Dr. Ho's research program focuses on understanding HIV-1 persistence and HIV-1-induced immune dysfunction using single-genome and single-cell approaches on clinical samples. She received MD in 2002 (Phi Tau Phi) and completed internal medicine residency and infectious disease fellowship training in Taiwan in 2007. She practiced as an infectious disease attending physician for one year (2007-2008). She received PhD at Johns Hopkins University School of Medicine (Phi Beta Kappa, HHMI International Student Research Fellowship, and Johns Hopkins Young Investigator Award) in 2013, mentored by Dr. Robert F. Siliciano. During PhD, she developed the first HIV-1 full-length single-genome sequencing method that became the standard measurement of the size of the HIV-1 latent reservoir (Cell 2013). As a postdoc, she profiled HIV-1 DNA and RNA landscape and identified the impact of cytotoxic T lymphocytes (CTLs) and defective HIV-1 proviruses on HIV-1 persistence (Cell Host Microbe 2017, Best Paper of the Year, corresponding author).
After she started my lab at Yale University in September 2017, she developed single-cell HIV-1 SortSeq and identified HIV-1-driven aberrant cancer gene expression at the integration site as a mechanism of HIV-1 persistence (Science Translational Medicine 2020).She developed CRISPR-ready HIV-1-infected cell-line models and a dual-reporter drug screen to identify drugs that can suppress HIV-1-induced cancer gene expression (JCI 2020). She is currently working on understanding HIV-1-induced immune dysfunction and clonal expansion dynamics of HIV-1-infected cells using single-cell multi-omic ECCITEseq on clinical samples (Immunity 2022). She found that HIV-1 preferentially persist in cytotoxic CD4+ T cells. She also found that antigen stimulation and tumor necrosis factor (TNF) as key drivers for the clonal expansion of HIV-1-infected cells. This is the first time identifying single-cell transcriptional landscape of HIV-1 RNA+ cells at their in vivo state without ex vivo stimulations. In addition, she used a genomewide CRISPR screen and identified HIV-1 silencing factors including SAFB family proteins and RNA nuclear exosome complex (J Virol 2022).
Dr. Ho's research support mainly comes from NIH, with an R21 funded 1 year after PhD graduation and two R01-level grants funded within one year after she started her lab at Yale University. She is focusing on using single-cell genomic approaches to understand HIV-1 persistence. She is an Investigator for basic science and translational collaboration projects, such as NIH Structural Biology Center CHEETAH, NIH Martin Delaney Collaboratory BEAT HIV and REACH, a UM1, and a P01.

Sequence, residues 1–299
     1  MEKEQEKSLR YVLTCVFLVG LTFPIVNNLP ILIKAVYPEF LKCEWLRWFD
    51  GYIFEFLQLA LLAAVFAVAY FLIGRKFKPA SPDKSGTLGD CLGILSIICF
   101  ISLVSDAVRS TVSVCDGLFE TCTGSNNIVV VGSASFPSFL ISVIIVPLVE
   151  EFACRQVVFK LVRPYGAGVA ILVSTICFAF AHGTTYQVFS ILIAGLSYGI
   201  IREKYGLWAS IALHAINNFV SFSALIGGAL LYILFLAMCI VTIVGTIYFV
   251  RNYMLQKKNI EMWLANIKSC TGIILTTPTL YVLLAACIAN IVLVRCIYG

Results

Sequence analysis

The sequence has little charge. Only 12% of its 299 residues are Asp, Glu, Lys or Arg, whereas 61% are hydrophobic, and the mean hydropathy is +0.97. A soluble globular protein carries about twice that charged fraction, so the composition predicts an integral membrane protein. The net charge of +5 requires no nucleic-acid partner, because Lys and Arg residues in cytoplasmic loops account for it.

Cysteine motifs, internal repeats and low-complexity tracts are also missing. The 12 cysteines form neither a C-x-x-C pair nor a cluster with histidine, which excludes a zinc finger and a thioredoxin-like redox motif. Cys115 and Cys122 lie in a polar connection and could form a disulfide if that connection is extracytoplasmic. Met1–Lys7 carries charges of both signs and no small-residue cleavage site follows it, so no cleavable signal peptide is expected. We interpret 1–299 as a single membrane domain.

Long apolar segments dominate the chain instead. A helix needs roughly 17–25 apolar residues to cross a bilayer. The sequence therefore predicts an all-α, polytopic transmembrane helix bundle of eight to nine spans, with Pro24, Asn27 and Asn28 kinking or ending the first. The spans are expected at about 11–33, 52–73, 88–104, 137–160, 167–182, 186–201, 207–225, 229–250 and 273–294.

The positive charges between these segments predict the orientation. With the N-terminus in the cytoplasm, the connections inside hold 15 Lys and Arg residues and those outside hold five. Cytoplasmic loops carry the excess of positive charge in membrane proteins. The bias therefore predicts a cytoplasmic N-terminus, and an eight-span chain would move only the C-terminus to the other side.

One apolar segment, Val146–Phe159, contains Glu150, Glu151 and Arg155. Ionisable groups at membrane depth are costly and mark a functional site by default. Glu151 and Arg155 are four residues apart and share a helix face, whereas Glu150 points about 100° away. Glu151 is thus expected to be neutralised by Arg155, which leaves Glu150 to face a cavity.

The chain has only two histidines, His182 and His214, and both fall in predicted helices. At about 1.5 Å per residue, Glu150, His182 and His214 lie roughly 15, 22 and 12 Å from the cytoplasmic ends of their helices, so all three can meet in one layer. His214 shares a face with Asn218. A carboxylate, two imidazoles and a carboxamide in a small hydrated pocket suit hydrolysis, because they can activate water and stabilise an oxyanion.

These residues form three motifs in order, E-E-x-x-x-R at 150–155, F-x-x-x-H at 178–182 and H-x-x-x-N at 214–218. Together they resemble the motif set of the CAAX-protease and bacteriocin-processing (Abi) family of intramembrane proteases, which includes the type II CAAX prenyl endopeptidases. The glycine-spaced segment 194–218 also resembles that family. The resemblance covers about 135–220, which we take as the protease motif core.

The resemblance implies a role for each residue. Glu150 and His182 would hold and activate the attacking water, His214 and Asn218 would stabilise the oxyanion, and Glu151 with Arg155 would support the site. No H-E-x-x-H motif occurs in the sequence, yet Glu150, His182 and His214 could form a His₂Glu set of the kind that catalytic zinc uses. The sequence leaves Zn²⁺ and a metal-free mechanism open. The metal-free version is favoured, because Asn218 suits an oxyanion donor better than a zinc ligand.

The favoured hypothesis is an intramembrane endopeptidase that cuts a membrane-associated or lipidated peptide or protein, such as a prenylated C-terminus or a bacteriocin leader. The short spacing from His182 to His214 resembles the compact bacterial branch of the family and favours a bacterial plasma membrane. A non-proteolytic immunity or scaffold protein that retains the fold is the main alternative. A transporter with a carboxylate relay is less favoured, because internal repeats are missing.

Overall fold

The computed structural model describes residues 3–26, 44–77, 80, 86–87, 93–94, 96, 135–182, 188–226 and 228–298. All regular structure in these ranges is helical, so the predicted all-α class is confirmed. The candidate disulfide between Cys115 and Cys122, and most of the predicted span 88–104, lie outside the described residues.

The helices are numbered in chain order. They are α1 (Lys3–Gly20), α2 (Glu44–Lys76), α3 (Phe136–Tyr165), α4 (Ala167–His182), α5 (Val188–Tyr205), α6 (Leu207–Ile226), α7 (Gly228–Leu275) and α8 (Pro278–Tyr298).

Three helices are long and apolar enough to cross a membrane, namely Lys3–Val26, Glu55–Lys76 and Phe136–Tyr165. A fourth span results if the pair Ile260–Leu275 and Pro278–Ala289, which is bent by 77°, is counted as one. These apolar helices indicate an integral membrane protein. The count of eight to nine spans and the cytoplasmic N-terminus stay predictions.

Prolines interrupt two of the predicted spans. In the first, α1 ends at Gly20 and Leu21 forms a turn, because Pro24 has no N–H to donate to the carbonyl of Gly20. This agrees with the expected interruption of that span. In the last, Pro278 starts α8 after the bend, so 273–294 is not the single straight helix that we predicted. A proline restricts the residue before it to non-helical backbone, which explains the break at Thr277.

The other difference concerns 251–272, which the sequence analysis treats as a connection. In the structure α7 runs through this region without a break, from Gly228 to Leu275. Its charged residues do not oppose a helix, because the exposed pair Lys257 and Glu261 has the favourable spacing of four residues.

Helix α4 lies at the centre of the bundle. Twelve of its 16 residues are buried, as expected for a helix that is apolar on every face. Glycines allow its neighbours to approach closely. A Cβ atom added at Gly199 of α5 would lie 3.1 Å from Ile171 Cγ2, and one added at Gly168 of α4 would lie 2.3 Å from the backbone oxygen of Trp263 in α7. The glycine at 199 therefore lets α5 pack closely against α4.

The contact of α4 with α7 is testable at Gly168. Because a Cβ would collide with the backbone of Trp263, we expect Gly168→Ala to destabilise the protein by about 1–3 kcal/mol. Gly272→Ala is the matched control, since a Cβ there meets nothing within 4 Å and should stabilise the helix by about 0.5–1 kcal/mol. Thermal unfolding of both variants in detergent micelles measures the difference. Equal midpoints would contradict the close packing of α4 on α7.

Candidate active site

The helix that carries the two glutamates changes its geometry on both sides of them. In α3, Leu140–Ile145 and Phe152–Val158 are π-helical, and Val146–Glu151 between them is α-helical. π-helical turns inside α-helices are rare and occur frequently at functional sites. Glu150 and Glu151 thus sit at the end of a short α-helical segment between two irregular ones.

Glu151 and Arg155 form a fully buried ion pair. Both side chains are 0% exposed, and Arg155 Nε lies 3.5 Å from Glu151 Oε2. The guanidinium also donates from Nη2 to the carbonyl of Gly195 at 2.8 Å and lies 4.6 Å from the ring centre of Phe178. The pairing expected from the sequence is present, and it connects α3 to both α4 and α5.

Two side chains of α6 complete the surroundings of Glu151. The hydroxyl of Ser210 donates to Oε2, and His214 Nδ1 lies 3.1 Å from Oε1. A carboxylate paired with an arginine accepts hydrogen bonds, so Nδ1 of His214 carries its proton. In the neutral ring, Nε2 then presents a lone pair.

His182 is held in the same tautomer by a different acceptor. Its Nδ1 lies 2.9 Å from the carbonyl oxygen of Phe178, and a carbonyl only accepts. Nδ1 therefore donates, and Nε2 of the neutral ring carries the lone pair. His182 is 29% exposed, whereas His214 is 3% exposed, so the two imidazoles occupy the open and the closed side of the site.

|Andy Kaplan Prize||Cold Spring Harbor Laboratory Meetings on Retroviruses||2018|
|Gilead Sciences Research Scholar in HIV||Gilead Sciences||2018|
|Rudolf J. Anderson Fellowship||Yale University||2018|
|Lois E. and Franklin H. Top, Jr. Yale Scholar||Yale University School of Medicine||2017|
|Distinguished Alumni Award||National Cheng Kung University||2016|
|W. W. Smith Charitable Foundation AIDS Research Award||W. W. Smith Charitable Foundation||2016|
|Phi Beta Kappa||Phi Beta Kappa Honorary Society||2014|
|Michael Shanoff Johns Hopkins Young Investigator Award||Johns Hopkins University School of Medicine||2014|
|Howard Hughes International Student Research Fellowship||Howard Hughes Medical Institute||2011|
|Best Teaching Resident Award||National Taiwan University Hospital||2007|
|Scholarship for PhD Studies Abroad||Ministry of Education, Taiwan||2007|
|Best Resident Award||Department of Medicine, National Taiwan University Hospital||2003, 2004|
|Phi Tau Phi||Phi Tau Phi Honorary Society, Taiwan||2002|